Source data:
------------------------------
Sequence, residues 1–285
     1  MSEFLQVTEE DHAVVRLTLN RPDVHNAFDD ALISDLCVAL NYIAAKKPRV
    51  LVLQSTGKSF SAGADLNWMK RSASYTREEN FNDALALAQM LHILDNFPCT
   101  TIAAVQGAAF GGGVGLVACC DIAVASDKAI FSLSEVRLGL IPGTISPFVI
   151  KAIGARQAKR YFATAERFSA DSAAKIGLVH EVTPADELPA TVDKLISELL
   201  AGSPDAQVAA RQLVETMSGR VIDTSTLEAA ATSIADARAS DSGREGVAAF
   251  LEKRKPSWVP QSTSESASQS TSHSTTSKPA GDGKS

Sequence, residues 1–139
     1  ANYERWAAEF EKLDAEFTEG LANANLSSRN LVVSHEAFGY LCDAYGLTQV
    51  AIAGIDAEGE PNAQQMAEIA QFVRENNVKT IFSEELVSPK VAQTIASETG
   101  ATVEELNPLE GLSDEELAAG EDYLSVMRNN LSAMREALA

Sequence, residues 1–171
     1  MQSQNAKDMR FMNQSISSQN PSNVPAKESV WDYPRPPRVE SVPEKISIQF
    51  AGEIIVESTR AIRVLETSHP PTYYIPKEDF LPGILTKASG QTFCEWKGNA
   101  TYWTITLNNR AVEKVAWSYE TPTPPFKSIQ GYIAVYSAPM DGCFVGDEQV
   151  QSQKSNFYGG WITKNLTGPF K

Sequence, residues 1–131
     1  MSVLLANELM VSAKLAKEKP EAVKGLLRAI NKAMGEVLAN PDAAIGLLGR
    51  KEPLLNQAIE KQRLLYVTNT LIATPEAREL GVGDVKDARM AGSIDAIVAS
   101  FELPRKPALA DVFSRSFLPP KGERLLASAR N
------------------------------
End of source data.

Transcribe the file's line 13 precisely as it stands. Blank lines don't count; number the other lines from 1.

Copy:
     1  MQSQNAKDMR FMNQSISSQN PSNVPAKESV WDYPRPPRVE SVPEKISIQF